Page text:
Dallas County Declares State of Emergency, Requests Planes for Aerial Pesticide Spraying
Dallas County escalated its war on mosquitoes today, with County Judge Clay Jenkins declaring a state of emergency and requesting that five planes be made available from the Texas Department of Emergency Management in order to begin spraying pesticide aerially over North Dallas and the Park Cities. The outbreak of West Nile virus this summer has killed nine people.
Judge Clay Jenkins, backed by Commissioner John Wiley Price and Dallas County Health and Human Services Director Zach Thompson.
In a news conference this afternoon, Jenkins and Texas Department of Health Services Commissioner Dr. David Lakey called aerial spraying "totally safe." Individual cities will still be able to elect whether or not to spray within their boundaries, with the decision being subject to a vote by each City Council. For now, Dallas County doesn't plan to spray in any unincorporated areas.
Jenkins said county officials had spent the afternoon meeting with representatives from the state Health and Human Services division and the Dallas County Medical Society, as well as corresponding by phone with the CDC's "chief of mosquito-related diseases." Together, he said, they'd decided that the outbreak warrants aerial spraying to the affected cities, which include Highland Park, University Park and North Dallas where it's bounded by the tollway, 635 and Interstate 30.
"The recommendation of the top official in the United States of America tells us that [aerial spraying] is far more uniform," Jenkins said, "and is as safe or safer, and has a better chase of eradicating this disease that's claimed lives in Dallas County already." (However, as our own Jim Schutze has pointed out repeatedly, the chemical cocktail used is controversial, with dueling studies as to its safety and efficacy.)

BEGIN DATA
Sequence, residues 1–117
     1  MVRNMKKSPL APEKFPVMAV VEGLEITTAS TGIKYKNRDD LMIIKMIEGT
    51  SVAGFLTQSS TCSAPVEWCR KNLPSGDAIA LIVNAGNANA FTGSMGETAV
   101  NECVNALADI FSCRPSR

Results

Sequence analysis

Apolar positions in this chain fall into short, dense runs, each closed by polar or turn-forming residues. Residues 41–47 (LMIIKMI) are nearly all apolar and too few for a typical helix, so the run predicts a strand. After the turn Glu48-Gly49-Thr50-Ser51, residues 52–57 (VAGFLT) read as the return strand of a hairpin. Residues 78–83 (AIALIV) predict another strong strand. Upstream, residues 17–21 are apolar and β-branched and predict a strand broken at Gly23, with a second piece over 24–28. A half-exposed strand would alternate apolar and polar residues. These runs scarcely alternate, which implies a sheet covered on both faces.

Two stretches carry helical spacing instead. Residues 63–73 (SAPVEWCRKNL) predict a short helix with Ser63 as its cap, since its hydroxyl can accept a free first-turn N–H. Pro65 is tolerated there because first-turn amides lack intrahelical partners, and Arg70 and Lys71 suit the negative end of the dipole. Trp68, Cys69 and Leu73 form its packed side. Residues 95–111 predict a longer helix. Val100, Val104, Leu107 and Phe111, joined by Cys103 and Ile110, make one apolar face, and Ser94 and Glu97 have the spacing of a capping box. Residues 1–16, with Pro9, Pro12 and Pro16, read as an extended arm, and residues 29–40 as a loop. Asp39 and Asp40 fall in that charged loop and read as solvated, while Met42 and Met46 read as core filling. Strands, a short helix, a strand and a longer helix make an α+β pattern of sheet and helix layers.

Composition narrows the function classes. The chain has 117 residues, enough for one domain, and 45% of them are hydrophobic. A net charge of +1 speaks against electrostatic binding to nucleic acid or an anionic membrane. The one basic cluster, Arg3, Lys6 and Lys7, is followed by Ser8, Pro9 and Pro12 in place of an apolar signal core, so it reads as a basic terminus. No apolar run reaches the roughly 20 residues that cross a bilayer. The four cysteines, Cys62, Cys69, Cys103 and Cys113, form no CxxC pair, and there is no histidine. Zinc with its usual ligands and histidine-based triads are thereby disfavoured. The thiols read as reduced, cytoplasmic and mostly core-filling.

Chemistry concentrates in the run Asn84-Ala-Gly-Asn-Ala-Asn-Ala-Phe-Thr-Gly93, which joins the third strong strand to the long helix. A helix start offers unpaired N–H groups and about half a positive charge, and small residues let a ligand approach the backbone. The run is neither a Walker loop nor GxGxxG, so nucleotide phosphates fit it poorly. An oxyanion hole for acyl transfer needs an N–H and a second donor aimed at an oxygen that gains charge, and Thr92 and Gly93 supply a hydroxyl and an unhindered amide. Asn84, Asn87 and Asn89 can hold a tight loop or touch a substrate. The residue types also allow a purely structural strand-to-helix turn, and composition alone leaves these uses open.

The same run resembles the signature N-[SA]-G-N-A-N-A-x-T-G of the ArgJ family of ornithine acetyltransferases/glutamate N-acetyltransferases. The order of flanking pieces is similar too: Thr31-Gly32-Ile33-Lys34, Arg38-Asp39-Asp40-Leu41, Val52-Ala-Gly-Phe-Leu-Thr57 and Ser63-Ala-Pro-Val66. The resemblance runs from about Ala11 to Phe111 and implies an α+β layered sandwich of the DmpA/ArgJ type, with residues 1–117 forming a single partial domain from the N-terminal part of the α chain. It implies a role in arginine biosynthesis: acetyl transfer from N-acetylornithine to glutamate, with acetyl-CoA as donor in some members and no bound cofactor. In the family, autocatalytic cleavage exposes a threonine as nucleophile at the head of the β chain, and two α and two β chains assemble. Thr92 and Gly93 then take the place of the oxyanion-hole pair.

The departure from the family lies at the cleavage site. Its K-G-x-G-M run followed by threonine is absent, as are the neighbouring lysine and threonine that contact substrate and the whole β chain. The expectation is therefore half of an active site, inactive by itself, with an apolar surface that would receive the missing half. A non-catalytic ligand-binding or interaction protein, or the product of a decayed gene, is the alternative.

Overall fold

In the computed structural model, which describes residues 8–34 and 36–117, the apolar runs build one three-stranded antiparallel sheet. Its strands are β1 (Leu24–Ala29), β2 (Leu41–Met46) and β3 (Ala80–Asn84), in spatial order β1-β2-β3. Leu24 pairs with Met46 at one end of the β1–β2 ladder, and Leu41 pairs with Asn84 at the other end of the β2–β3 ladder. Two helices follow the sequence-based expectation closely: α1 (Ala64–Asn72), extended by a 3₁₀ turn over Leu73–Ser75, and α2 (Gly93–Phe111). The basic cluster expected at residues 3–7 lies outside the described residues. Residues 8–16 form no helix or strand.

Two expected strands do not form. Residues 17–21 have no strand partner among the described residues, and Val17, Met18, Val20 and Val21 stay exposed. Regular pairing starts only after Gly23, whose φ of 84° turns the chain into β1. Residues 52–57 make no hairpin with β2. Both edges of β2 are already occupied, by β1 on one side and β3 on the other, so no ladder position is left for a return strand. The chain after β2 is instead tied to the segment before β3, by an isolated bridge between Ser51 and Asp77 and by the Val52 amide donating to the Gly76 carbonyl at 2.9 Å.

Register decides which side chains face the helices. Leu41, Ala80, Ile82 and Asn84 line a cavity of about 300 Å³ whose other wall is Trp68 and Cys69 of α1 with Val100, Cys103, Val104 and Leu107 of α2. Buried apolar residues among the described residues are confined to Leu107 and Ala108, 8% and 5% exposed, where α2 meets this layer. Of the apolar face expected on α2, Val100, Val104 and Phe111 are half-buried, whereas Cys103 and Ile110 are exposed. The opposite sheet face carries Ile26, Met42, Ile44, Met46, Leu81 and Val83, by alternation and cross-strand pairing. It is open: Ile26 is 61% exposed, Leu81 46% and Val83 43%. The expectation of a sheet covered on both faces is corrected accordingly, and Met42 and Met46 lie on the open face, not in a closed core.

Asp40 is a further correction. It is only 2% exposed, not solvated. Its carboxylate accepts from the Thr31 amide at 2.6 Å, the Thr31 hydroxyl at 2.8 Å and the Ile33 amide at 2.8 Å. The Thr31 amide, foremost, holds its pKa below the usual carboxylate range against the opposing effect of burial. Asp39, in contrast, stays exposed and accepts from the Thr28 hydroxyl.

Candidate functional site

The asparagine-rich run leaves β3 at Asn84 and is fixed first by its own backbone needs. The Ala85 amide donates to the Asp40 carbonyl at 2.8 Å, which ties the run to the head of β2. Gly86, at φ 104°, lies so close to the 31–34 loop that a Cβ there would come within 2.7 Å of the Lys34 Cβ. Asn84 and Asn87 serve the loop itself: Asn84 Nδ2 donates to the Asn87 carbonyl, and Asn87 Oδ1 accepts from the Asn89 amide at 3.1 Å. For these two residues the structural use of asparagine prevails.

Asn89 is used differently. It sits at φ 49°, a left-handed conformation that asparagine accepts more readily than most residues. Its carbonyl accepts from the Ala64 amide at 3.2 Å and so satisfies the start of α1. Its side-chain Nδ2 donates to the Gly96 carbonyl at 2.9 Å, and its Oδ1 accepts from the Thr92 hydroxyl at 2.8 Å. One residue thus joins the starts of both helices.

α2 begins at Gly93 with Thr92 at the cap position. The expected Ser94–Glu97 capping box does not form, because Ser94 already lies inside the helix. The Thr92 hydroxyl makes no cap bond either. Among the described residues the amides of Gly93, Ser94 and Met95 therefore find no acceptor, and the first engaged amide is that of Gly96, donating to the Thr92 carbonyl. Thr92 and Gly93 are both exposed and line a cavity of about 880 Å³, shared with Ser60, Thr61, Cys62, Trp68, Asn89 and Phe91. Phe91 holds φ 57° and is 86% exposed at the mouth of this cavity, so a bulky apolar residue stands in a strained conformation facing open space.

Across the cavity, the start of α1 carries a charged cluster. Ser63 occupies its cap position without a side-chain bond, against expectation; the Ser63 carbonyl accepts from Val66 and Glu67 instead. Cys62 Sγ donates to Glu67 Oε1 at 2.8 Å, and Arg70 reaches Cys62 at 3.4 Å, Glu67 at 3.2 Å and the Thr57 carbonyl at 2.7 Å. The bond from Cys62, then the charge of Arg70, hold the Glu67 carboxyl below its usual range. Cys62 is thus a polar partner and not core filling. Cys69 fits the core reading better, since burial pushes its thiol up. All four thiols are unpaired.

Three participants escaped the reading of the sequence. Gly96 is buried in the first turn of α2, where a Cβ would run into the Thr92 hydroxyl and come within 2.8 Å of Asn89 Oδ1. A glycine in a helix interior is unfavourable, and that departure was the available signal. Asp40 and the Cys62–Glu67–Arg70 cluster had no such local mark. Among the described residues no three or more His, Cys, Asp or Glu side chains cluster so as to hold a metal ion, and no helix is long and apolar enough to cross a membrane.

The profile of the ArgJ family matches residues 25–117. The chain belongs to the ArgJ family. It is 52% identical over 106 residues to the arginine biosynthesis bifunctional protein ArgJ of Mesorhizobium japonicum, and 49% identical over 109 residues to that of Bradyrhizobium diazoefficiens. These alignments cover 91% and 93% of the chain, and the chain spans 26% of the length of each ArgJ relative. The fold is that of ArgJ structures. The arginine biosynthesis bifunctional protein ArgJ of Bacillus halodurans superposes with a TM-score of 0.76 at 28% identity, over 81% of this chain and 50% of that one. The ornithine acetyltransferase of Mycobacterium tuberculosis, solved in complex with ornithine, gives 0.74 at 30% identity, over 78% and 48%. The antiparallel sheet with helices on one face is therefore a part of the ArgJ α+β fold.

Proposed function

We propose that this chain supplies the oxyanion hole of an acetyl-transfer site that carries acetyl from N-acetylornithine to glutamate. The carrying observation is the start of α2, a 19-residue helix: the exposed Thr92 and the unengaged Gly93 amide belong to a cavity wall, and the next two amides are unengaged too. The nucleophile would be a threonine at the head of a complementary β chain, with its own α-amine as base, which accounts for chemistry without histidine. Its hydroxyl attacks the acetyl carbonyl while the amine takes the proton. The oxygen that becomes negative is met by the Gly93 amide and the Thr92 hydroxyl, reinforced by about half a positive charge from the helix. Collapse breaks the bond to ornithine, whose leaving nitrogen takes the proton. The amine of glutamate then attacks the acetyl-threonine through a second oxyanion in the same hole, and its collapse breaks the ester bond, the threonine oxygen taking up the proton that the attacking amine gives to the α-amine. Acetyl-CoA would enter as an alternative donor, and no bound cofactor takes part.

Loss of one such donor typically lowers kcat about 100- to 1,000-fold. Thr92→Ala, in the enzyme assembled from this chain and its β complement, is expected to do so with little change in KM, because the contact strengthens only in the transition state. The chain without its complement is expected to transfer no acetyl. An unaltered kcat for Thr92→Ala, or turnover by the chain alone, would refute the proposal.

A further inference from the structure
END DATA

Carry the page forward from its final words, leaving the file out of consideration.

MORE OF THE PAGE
Jenkins said that on Monday, the county will also begin a three-day intensive ground spray of the "hardest-hit areas." The planes aren't expected to be available until late next week.
Someone asked what Jenkins would do if cities "resisted" being sprayed.
"I believe in democracy," Jenkins responded, but added that it was his "lay opinion" that aerial spraying was the best option. "We will do everything in our power to protect the people of Dallas County from this epidemic."
Jenkins said the spraying will take place at night; both he and Lakey encouraged common-sense precautions, including keeping people and animals out of the spray. They also recommended wearing insect repellent and protective clothing, as well as limiting outdoor activity during dawn and dusk, when mosquitoes are most active.
"I firmly believe that aerial spraying is safe," Lakey said. He said that he didn't believe that the spray would affect other wildlife, including bees, butterflies and ladybugs. Nonetheless, he said, "I understand the inherent apprehension a lot of folks have when chemicals are released by airplanes."
The three-day spraying by trucks "may be enough of a resource" to address the issue of West Nile, he said, but added that Dallas County "can't wait" to request planes. He noted that West Nile has an incubation period of two to 14 days, meaning that even if spraying began today, there could still be potential new cases in two weeks.
"I think this is a public health emergency here in Dallas County," Lakey said.